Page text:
In one embodiment of the method of the present invention, a metallic film comprising chromium or aluminum is deposited on a substrate, such as glass or quartz. The metallic film is relatively thin (less than about 2,000 A-- preferably about 200 A), so the substrate is used for support purposes only and in no way is the composition of the substrate crucial to the present invention. A light source, such as a laser, having an energy intensity level below the threshold for evaporation of the metallic film, is used to form a latent image on the metallic film. The latent image is produced by selectively exposing portions of the metallic film to the light source or by irradiating the light from the light source through a pattern onto the metallic film. For a 200 A film of chromium, the energy intensity level of the light source must be above about 0.3 Joule/cm2 and less than about 1.4 Joule/cm2. The minimum energy intensity level, above which a latent image will be formed on this 200 A thick chromium film by the method of the present invention, corresponds approximately to the melting point temperature of chromium. The maximum energy intensity level corresponds approximately to the sublimation temperature of chromium. Above that energy level, an image will be formed immediately on the metallic film by the evaporation of the metal upon exposure to the light source--as is well-known in the art. To develop the latent image, the metallic film of chromium or aluminum is dipped into a chromium etchant, such as a solution of potassium ferricyanide and sodium hydrate. When the metallic film is selectively exposed to the light source and is then dipped into a chromium etchant, the exposed regions of the metallic film will etch more slowly than the unexposed regions. Thus a "negative" image is formed.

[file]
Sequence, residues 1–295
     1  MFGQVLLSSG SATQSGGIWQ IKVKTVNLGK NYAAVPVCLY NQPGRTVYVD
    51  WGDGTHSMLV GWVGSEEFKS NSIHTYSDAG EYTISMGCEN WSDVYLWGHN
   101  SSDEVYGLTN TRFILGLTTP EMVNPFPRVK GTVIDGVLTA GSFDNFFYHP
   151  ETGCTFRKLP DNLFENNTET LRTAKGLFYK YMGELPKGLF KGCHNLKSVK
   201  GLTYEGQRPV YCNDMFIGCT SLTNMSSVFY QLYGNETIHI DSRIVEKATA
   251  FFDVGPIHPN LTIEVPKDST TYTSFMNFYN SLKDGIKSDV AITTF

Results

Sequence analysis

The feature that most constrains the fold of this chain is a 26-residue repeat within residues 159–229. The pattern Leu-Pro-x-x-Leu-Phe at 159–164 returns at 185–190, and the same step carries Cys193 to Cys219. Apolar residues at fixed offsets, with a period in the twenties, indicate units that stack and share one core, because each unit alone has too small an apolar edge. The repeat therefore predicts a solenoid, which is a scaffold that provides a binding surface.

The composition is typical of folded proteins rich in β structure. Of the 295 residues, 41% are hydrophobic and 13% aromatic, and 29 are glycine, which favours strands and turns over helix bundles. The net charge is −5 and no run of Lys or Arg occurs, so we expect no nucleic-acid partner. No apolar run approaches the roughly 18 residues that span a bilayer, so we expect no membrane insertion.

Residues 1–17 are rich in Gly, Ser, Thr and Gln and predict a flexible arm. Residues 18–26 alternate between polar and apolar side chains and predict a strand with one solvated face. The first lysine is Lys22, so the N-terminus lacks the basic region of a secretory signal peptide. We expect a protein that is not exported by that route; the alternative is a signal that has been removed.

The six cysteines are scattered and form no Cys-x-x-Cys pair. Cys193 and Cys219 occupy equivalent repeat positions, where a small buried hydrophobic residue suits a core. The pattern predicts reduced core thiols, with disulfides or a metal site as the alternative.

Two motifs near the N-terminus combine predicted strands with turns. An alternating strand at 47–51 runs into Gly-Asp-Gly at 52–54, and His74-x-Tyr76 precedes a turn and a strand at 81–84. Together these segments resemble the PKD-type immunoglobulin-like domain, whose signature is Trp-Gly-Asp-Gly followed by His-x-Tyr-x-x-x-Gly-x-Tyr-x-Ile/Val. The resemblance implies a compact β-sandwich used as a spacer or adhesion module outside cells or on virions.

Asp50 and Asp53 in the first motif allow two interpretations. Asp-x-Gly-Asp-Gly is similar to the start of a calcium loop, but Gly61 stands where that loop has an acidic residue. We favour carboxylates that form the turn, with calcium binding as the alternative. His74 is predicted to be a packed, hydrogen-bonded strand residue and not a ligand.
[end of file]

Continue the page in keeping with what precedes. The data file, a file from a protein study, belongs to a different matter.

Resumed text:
In another embodiment of the method of the present invention, a composite metallic film, comprising chromium on a gold backing, is deposited on a substrate, such as glass or quartz. The chromium layer is on the gold backing which is on the substrate. Again the composite metallic film is thin so the substrate is used for support purpose only and in no way is the composition of the substrate crucial to the present invention. The chromium layer is less than about 2,000 A in thickness--preferably about 600 A. The gold backing is preferably about 2,000 A in thickness. A light source, such as a laser, having an energy intensity level below the threshold for the evaporation of the metallic film, is used to form a latent image on the composite metallic film. The light is incident upon the chromium layer. The latent image is produced by selectively exposing portions of the composite metallic film to the light source or by irradiating the light from the light source through a pattern onto the composite metallic film. The latent image is developed by dipping the composite metallic film into a gold etchant, such as a solution of potassium iodate and iodine. When the exposed composite metallic film is dipped into a gold etchant, the exposed region of the composite metallic film is etched away. Thus, a "positive" image is formed.